She said she “loves” the idea of stopping the practice of requiring listing brokers to offer compensation to buyer brokers “so that at least it stops the damages. The other defendants might like that, too. It sort of caps it, if you will.”
Saris said that was a reform that was “worthwhile.”
“I do think the rule change is important and congratulations,” she said. “I’m just worried here about the fairness … of how you’ve structured it, which is the individual plaintiffs get no dollars.”
Saris suggested that Izard’s firm get paid some portion of what they’ve put up to date and take the rest of the money and put it in a pot. If the plaintiffs won that pot would grow and then the whole pot would be divided among the plaintiffs, which would also have been invested and accumulated interest. If the plaintiffs lost, the pot from the MLS PIN settlement would be what the plaintiffs got, minus a “fair” attorney fee.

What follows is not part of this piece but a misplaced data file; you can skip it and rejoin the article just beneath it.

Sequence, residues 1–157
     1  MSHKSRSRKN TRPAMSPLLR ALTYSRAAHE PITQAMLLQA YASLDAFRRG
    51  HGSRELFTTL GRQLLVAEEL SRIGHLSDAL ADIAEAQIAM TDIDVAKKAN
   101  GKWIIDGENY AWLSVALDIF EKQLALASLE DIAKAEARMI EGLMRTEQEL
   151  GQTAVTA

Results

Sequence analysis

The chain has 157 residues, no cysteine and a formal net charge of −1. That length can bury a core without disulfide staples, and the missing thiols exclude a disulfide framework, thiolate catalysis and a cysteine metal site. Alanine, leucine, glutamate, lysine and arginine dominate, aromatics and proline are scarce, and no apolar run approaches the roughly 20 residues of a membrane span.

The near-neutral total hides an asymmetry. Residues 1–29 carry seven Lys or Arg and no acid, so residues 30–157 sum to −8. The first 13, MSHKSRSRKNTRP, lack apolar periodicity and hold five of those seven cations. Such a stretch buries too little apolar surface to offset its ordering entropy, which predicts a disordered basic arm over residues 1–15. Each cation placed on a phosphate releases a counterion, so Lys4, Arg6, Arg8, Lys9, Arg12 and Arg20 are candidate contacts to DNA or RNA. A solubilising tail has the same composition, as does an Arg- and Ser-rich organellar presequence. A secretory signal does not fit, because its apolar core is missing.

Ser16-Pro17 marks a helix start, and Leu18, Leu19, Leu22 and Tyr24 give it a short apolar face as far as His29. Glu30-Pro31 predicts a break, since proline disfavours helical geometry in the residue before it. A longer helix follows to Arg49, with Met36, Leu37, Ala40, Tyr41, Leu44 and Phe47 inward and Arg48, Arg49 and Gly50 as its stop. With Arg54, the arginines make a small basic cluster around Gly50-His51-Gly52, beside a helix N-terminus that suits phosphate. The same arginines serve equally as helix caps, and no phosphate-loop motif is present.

“That seems a little more fair to me,” Saris said.
Izard proposed a solution similar to what Saris suggested.
“The court can decide what, if any, the court thinks would be appropriate for the plaintiffs and their counsel to receive now either for reimbursement of expenses or fees,” Izard said.
“We hold the rest and it’s just treated as a fund that, at the end of the case, the court could decide to allocate however it wants for whatever purpose it thinks is most appropriate at the end of the case when the court has seen what’s happened and how everything’s worked its way out.”
Saris asked the plaintiffs’ attorneys to, by Sept. 5, either recraft the settlement agreement or brief her on cases with similar settlements, perhaps with an expert’s opinion on how to construct such agreements fairly.
“I do ideally want to do this as quickly as possible because I actually think that the rule change is a good thing,” Saris said.
“I don’t want to be the person who blows that up.”